Chris Upton looks at a time when Tamworth made political waves.
“I feel it incumbent upon me to enter into a full declaration of my views of public policy – as full and unreserved as I can make it consistently with my duty as a Minister of the Crown.”
We will, over the next few months, be bombarded with manifestos, as the UK’s political parties gear up for battle in the forthcoming General Election. Such manifestos – be they rallying cries or suicide notes – have been around for a century and a half. But the first – and arguably the most famous of all – was delivered in December 1834 in Tamworth, Staffordshire.
In November 1834 Sir Robert Peel had been on holiday in Rome, when he received a letter from King William IV, summoning him back to England and form a new government. A few weeks earlier, the King had exercised his prerogative and dismissed a chaotic and divided Whig administration, and temporarily installed the Duke of Wellington in Number 10.
The Duke, however, was a member of the opposition, was widely unpopular and had no mandate to govern. Only a General Election could deliver that.
Peel, then, faced the busiest three weeks in any prime minister’s diary. He had to return from Rome form an administration, formulate policies and fight a General Election.
On December 10 1834, immediately on his return, Peel kissed the hand of William IV and was formally declared Prime Minister. But, at this early stage, you could say that Peel was in office, but not in power. For that he needed the support of the House and the support of the country.
Peel also had to win back his own seat, now that Parliament was dissolved. Although this is never near to the top of any PM’s agenda, it was not a nicety that could be dispensed with, albeit that the Peels – three generations of them – had made Tamworth their fiefdom. As the largest landowners and leading industrialists in south Staffordshire, getting re-elected was never a struggle.
Nor was it necessary to go to Tamworth to do so. When the Address to the Electors of Tamworth was delivered – the so-called Tamworth Manifesto – Sir Robert Peel was in London. He wrote the document in the early hours of December 18 and sent it to three newspapers – The Times, The Morning Herald and The Morning Post – who had cleared their front pages for its arrival. Within hours the address was printed, published and on its way to the Midlands by mail coach.
Reputedly Peel’s famous appeal was read to the aforementioned electors from the steps of Tamworth town hall on December 19, close to where a statue of their great MP now stands. There is, I think, no direct evidence that the manifesto was formally read out there, though informally anyone who could afford a newspaper, and was able to read it, would undoubtedly have been doing so. The Tamworth Manifesto was the sensation of the hour.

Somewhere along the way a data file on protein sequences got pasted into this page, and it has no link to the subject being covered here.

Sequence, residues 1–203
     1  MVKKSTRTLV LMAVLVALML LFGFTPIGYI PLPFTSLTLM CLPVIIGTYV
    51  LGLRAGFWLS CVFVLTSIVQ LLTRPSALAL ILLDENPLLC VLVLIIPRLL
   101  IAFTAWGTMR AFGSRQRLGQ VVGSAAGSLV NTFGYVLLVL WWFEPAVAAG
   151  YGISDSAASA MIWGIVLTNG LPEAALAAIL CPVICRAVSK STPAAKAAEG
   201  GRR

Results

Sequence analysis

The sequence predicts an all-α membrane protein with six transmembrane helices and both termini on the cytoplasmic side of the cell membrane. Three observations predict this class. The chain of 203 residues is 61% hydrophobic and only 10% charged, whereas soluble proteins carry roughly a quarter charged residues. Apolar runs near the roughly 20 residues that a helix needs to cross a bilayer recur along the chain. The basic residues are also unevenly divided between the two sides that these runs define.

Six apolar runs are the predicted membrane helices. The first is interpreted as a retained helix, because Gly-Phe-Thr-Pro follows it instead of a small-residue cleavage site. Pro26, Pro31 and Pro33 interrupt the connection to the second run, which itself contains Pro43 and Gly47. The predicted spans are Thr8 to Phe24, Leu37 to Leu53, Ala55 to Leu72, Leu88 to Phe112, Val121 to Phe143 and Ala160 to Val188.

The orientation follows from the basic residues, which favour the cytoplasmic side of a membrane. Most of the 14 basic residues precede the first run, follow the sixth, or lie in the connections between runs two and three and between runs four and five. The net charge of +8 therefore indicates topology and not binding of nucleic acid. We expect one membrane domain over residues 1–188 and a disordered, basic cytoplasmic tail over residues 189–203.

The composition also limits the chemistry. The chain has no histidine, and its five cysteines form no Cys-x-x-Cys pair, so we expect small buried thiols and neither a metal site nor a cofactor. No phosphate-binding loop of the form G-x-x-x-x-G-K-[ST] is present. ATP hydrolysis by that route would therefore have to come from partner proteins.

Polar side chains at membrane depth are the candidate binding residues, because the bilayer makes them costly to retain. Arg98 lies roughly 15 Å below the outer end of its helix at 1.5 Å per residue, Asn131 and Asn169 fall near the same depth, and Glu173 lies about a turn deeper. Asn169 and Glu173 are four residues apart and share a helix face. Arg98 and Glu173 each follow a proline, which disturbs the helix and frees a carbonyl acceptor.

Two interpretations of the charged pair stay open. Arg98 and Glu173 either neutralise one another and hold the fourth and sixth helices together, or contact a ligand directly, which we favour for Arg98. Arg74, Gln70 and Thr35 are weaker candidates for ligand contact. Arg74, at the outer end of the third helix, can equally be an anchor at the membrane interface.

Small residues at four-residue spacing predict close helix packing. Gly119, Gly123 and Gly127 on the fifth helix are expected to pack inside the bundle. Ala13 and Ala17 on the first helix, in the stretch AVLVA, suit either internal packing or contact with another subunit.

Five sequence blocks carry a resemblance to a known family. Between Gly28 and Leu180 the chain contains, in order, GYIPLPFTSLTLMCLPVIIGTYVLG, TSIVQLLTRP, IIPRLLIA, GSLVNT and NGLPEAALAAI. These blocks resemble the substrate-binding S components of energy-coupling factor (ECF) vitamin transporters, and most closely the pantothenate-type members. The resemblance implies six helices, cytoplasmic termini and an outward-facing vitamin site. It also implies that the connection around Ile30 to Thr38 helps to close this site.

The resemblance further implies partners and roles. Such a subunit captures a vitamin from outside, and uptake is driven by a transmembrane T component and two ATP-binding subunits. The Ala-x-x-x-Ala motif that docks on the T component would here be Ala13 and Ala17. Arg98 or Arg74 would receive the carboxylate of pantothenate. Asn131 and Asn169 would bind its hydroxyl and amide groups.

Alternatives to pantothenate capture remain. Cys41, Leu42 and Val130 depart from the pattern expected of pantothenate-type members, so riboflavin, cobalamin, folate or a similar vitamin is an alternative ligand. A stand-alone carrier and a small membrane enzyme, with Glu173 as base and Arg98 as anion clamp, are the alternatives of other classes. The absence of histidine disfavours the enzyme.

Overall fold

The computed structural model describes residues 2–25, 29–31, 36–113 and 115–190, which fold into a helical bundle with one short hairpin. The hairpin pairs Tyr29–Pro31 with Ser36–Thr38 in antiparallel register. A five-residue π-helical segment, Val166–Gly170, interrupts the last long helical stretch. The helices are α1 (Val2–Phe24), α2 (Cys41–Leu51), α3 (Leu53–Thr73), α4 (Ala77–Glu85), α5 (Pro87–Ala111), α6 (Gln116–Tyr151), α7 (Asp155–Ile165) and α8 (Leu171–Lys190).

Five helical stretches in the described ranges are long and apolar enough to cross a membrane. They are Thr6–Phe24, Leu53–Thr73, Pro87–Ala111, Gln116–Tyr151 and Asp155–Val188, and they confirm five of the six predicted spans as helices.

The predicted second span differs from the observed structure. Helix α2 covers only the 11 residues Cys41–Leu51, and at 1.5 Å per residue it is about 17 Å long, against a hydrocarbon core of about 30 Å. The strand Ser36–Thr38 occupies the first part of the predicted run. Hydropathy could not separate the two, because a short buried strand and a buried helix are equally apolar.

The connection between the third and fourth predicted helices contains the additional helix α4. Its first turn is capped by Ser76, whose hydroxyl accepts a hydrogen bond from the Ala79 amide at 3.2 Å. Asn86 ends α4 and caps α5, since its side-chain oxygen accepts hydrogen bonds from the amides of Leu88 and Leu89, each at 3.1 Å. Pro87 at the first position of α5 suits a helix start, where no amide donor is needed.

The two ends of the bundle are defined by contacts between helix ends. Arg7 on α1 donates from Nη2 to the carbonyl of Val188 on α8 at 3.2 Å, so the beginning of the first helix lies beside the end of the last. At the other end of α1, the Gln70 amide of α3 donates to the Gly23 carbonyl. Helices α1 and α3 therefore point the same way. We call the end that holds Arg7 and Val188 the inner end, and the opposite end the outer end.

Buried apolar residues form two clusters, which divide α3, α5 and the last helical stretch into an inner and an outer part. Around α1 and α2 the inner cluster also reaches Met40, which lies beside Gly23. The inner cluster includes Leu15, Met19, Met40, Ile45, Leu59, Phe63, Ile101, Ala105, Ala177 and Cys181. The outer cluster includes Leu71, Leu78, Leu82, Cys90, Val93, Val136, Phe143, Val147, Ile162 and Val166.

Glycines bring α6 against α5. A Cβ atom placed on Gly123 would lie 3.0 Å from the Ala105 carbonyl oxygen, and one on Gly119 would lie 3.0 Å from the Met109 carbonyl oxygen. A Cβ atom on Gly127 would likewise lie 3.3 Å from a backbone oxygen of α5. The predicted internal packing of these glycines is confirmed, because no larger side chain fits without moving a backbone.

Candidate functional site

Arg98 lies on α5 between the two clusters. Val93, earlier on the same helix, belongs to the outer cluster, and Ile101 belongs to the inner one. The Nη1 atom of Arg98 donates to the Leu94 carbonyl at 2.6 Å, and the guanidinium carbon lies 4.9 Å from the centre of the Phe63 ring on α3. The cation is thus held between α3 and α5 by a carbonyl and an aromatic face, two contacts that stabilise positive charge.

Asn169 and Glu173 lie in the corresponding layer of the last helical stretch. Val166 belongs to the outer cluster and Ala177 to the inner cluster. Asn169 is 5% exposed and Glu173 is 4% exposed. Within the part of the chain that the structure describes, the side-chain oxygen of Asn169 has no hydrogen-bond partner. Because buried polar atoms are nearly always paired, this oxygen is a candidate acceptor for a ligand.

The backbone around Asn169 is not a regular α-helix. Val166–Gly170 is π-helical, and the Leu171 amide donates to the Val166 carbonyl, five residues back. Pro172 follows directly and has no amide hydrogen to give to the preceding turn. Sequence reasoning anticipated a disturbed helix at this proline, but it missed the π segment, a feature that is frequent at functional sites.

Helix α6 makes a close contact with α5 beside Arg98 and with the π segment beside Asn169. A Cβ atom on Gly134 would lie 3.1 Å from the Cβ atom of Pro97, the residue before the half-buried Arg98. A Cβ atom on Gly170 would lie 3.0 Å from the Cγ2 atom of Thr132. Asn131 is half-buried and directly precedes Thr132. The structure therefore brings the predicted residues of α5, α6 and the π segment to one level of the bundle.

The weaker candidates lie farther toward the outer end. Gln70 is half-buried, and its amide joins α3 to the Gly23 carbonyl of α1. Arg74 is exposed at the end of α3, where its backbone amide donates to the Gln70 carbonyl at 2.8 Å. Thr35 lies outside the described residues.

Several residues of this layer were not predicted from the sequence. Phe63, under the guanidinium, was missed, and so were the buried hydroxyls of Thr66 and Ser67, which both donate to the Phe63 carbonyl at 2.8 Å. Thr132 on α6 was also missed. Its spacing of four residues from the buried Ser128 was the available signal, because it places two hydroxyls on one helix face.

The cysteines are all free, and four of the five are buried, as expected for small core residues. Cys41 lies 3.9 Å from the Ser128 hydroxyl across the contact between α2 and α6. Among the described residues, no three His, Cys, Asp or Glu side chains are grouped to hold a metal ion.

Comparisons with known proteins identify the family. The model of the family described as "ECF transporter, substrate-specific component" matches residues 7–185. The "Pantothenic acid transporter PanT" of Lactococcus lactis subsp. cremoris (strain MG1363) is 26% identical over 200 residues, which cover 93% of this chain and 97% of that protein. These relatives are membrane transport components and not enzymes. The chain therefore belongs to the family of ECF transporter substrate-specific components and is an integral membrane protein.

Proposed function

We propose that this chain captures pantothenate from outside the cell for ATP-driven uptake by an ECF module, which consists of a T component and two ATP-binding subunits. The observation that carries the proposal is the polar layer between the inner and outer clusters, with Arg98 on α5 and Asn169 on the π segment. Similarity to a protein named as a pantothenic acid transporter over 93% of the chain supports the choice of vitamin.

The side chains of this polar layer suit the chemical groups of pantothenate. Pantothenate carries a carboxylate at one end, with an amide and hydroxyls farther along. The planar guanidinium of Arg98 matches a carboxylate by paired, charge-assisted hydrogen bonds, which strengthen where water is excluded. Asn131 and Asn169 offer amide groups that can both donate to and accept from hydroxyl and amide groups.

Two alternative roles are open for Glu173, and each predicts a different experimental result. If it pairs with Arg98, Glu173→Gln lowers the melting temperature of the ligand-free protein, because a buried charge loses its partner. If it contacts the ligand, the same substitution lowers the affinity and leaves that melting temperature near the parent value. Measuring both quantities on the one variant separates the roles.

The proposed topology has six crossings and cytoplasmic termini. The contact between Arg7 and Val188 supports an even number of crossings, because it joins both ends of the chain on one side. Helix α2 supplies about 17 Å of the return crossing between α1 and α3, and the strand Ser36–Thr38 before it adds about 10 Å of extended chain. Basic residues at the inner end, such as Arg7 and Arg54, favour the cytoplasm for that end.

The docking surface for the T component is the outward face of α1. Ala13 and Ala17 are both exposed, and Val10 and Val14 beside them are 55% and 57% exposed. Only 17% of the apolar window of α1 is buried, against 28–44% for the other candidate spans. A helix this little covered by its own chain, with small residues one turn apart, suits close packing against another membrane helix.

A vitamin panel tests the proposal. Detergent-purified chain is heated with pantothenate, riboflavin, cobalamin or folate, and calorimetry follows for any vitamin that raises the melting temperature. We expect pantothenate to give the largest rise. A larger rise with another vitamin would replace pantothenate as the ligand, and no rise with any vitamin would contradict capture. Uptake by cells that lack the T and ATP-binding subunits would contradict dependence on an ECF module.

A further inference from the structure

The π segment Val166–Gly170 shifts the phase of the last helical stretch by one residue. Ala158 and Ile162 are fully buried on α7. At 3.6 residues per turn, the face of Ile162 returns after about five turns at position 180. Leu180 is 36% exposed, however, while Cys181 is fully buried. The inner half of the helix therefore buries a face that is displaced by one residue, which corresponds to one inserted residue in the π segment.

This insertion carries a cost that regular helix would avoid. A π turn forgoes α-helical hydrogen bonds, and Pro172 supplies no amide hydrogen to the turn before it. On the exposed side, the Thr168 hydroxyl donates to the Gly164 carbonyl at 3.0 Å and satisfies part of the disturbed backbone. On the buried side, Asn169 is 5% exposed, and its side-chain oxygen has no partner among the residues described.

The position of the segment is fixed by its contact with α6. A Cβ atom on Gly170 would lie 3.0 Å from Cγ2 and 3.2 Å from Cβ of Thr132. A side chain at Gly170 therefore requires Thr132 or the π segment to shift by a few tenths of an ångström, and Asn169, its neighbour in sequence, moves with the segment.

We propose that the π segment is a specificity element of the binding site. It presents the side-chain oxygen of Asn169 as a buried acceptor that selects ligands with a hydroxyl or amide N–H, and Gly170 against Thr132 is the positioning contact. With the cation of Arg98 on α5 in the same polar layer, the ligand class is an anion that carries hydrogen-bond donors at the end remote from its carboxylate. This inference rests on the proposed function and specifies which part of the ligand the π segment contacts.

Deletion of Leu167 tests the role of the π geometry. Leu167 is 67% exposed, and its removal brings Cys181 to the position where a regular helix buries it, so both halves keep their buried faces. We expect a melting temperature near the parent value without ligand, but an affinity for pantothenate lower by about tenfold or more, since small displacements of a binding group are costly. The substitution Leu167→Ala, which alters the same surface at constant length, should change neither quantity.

If we condemn the political manifestos of today for lack of substance, the Tamworth address set the trend. In his address Sir Robert promised his electors plenty of enquiries – into local government, civil marriages, church rates, the civil list, the Church of Ireland and the Church of England – but little in the way of specific policies. And he wrapped the whole thing up with platitudes about peace, a balanced economy and fiscal prudence. “It is unnecessary for my purpose,” he added, “to enter into further details.”
Yet amid all these generalities there was one specific commitment. Peel promised that he would not seek to turn back the tide of political Reform (enacted by the Whigs) that had swept away the rotten boroughs and brought voting rights to the new industrial town.
It’s hard to see, reading the Tamworth Manifesto today, quite why it caused such a sensation or was thought to be so seminal, yet so it was. By allying himself to Reform, Peel was drawing a line between himself and the ultra-Tories who had so fiercely resisted it.
By so doing the new Prime Minister was making his appeal, not only to the moderates of Tamworth, but also to disaffected Whigs in the Commons and to the whole of Middle England. Peel was, if you like, devising “a third way”.
And here was what was so important about the Tamworth Manifesto. At a time when party affiliation and loyalty was still weak, Sir Robert Peel was placing himself in the middle ground of politics and almost inviting a party to coalesce around him. In that document of December 1834 the modern Conservative Party was born. It was not yet named, but it was there all the same.
That long journey from Rome to London must have helped. In the course of it Peel had the chance to work out a way of changing the political map of England. He would never have such quality time on his hands again, and, indeed, he never repeated the exercise in future elections. Nor would he go so far away on holiday.
But in 1834 the manifesto performed the exactly just as its writer hoped. His supporters, in their own constituencies, sang from the same hymn sheet, and Peel became, not just the Prime Minister, but also the leader of a political party.
And the result of that, of course, was to motivate his opponents into forming a more coherent organisation too. In giving birth to the Conservative Party, the Tamworth manifesto could also be said to have created the Liberal Party too.